Autophagy protects against active tuberculosis by suppressing bacterial burden and inflammation

Departments of Molecular Genetics and Microbiology and Internal Medicine and College of Pharmacy, University of New Mexico Health Sciences Center, Albuquerque, NM 87131.
Proceedings of the National Academy of Sciences (Impact Factor: 9.81). 11/2012; 109(46):E3168-E3176. DOI: 10.1073/pnas.1210500109
Source: PubMed

ABSTRACT Autophagy is a cell biological pathway affecting immune responses. In vitro, autophagy acts as a cell-autonomous defense against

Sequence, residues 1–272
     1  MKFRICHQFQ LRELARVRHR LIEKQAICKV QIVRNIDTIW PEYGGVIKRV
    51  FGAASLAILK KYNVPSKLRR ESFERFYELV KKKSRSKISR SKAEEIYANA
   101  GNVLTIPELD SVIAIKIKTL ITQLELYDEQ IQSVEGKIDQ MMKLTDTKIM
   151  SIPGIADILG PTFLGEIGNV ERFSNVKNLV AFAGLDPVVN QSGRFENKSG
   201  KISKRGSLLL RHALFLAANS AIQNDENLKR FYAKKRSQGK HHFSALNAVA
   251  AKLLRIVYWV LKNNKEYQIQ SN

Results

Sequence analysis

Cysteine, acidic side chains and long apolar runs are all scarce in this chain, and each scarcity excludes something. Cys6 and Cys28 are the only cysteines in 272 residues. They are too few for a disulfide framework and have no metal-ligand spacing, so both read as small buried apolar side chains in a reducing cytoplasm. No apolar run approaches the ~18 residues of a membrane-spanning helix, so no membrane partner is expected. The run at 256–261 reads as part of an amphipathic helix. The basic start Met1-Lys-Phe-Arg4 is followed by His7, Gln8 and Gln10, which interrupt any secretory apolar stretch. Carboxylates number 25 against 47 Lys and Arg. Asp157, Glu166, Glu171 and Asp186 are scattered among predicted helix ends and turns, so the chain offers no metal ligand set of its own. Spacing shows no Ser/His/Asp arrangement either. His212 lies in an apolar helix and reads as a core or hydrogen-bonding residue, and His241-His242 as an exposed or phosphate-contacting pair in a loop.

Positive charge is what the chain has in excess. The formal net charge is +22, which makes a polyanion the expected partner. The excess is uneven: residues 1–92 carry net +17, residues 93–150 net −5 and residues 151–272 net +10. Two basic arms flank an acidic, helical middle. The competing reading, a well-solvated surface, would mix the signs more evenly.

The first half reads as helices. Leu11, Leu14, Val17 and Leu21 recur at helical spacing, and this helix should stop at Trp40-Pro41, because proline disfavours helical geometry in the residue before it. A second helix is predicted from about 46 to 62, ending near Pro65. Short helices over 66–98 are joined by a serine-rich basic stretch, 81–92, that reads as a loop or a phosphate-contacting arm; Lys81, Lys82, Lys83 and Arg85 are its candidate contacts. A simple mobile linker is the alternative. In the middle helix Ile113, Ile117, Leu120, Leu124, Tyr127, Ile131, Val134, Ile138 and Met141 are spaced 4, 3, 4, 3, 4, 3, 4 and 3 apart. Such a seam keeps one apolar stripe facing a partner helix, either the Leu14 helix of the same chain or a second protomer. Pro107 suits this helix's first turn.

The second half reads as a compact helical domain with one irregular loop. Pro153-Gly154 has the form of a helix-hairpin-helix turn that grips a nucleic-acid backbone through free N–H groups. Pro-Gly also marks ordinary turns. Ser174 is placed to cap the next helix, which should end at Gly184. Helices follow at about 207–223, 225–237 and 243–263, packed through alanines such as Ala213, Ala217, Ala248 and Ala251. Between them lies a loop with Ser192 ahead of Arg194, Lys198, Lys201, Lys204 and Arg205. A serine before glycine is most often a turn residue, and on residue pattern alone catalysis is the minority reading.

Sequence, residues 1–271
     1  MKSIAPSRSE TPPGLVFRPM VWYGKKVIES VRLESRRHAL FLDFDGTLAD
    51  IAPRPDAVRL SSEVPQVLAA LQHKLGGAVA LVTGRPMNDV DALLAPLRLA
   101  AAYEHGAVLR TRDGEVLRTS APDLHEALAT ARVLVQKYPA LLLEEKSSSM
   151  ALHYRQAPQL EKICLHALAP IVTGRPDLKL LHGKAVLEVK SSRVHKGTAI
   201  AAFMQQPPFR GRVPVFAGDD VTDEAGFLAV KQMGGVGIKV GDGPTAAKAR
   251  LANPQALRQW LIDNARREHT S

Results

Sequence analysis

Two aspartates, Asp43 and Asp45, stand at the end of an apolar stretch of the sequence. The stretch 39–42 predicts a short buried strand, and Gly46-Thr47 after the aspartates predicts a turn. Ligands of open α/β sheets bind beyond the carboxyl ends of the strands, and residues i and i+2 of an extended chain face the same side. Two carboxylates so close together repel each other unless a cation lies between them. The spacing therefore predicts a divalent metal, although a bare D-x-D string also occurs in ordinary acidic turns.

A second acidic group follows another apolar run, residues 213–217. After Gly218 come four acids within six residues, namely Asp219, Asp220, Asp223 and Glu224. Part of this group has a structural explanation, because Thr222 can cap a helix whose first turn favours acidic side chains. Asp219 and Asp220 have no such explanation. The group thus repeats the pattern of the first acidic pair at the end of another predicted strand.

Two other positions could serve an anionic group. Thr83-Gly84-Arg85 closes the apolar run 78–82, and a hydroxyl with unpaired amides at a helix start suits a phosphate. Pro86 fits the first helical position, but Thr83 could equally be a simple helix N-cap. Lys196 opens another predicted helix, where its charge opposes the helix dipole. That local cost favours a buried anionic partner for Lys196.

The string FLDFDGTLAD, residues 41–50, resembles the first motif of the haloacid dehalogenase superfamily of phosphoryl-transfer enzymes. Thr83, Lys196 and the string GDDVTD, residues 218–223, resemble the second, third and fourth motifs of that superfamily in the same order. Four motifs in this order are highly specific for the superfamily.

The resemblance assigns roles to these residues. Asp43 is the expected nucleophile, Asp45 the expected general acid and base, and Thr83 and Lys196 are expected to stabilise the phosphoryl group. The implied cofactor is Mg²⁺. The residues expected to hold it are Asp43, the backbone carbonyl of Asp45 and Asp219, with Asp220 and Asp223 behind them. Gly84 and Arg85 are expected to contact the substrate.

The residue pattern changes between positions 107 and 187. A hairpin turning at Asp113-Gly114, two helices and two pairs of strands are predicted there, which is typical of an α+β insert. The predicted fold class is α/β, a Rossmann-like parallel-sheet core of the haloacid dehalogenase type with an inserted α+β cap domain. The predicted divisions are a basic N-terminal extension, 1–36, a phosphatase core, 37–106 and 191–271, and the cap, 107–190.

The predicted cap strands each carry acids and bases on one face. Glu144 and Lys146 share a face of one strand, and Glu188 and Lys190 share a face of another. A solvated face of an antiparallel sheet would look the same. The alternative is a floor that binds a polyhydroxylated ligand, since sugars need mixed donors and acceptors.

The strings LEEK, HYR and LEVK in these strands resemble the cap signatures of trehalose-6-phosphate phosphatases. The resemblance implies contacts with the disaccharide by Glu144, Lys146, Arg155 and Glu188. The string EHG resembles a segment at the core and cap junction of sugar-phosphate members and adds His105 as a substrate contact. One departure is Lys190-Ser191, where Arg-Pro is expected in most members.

Mycobacterium tuberculosis, but its role in vivo is unknown. Here we show that autophagy plays a dual role against tuberculosis: antibacterial and anti-inflammatory.
M. tuberculosis infection of Atg5fl/fl LysM-Cre+ mice relative to autophagy-proficient littermates resulted in increased bacillary burden and excessive pulmonary inflammation
characterized by neutrophil infiltration and IL-17 response with increased IL-1α levels. Macrophages from uninfected Atg5fl/fl LysM-Cre+ mice displayed a cell-autonomous IL-1α hypersecretion phenotype, whereas T cells showed propensity toward IL-17 polarization
during nonspecific activation or upon restimulation with mycobacterial antigens. Thus, autophagy acts in vivo by suppressing
both M. tuberculosis growth and damaging inflammation.

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